The Raccoopod Episode 2: What is Gamification

The Raccoopod Podcast

Join us in our second podcast where we set out a definition of gamification.  We want people to understand how we see gamification and how we intend to use it.  Is our definition different from yours?  Let us know, we’d love to hear your thoughts.


What is Gamification?


Welcome to the Raccoopod! Where the goal of our podcast is to give you the insights into gamification, what it is, and why you should consider it for your applications. I’m your host Zach Bearinger, and Today we are breaking down Gamification.  This will be a broad overview covering what gamification is, what parts of games we are using to make it and looking at two cases of gamification to understand the benefits that can be gained from it.  Let’s jump into it.

So… What is gamification?  Let’s start with the Oxford Dictionary definition.  


  • The application of typical elements of game playing (Example point scoring, competition with others, rules of play) to other areas of activity, typically as an online marketing technique to encourage engagement with a product or service. 


There is also a quote from Richard Stokes “Gamification is exciting because it promises to make the hard stuff in life fun” 


Ok so from the quote and definition it is telling us something about gamification.  The goal of gamification is to increase engagement or as Richard Stokes puts it.  “Make the hard stuff fun.”  I like this quote because it covers a surface level as to what gamification is.  Like what would the point of making the hard things in life fun?  What does that really mean?  I see it as looking at the things people struggle with in their life and making them something they want to do.  So in a single word gamification is seeking to improve Engagement.  This can be done in two different methods, enjoyment and motivation.  The implementation will change depending on what subject we are looking to add gamification to.  Either method has us look at typical game elements to use as a base for gamification.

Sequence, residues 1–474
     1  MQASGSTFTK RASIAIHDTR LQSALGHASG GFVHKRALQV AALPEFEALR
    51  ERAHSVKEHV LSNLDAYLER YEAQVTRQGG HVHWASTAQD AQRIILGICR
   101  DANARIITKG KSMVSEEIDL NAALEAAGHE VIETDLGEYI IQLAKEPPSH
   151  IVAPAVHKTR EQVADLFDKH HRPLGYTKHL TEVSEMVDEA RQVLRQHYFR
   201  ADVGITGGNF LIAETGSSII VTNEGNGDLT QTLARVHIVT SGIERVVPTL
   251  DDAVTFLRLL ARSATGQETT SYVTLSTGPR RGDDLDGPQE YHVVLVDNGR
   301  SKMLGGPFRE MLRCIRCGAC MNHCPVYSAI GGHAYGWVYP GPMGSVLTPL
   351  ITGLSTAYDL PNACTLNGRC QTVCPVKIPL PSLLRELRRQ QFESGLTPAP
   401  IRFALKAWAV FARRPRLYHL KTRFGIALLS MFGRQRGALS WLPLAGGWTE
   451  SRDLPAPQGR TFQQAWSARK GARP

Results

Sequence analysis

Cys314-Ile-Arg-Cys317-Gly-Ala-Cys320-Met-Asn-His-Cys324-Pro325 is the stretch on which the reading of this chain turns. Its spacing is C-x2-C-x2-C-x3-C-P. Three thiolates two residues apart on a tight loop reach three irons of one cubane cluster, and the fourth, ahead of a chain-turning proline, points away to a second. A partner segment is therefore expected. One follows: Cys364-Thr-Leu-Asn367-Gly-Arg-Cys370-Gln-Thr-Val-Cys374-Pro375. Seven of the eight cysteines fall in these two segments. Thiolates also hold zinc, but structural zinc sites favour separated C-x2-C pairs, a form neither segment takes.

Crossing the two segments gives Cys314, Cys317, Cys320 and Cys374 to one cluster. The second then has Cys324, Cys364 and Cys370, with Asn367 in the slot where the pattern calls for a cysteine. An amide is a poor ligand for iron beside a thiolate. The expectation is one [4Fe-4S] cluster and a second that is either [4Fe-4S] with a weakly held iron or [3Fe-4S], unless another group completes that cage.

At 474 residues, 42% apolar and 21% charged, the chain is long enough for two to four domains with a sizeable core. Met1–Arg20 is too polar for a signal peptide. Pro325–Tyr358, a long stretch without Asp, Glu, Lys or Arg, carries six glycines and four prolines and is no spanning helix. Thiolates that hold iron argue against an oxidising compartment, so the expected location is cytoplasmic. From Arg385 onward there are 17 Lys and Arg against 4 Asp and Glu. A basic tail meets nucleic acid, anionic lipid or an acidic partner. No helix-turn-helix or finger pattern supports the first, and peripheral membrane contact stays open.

So you may be wondering, what are typical elements of games?  Mostly this is game mechanics (such as set collection) but can also include multiple visual and audio techniques to improve engagements.  To get a real sense what game mechanics are and how they work individually and as a group let’s break down Monopoly to get a sense of why each mechanic matters and how they work together to make a compelling game.

 So when you play Monopoly what is the end goal?  The established goal in the rules is to “Become the wealthiest player through buying, renting and selling property.”  So we already have some hints as to some of the mechanics.  There is a strong resource management mechanic throughout Monopoly.  What does that mean?  Well in Monopoly’s case, it’s how you manage your money and your properties.  This mechanic leads to lots of interesting questions for players to consider.  Should I buy this property?  Should I Mortgage this property?  Which property should I put my first house on?  Ok thats a resource management mechanic but we haven’t even started a turn. 

 Your turn starts with a roll of the dice afterwards you move your piece equal to the number you rolled.  This is a straightforward mechanic but what does it add to the game of Monopoly.  First off it provides a degree of randomness to the game.  You can’t plan several turns ahead or choose where you land.  This is an important factor as without a roll to move mechanic nobody would ever pay rent or land on a space that didn’t benefit them.  There are several other mechanics that could take the place of roll to move but they lead to different outcomes, But with the roll to move people have a simple turn structure roll then resolve the space they land on.  It provides a simplicity that anyone can understand and get going immediately.   The randomness provides a sense of surprise and suspense.  “If he rolls a 6 or 7 he’ll need to pay me 250$?” “I need a 2 so that I can buy Park Place”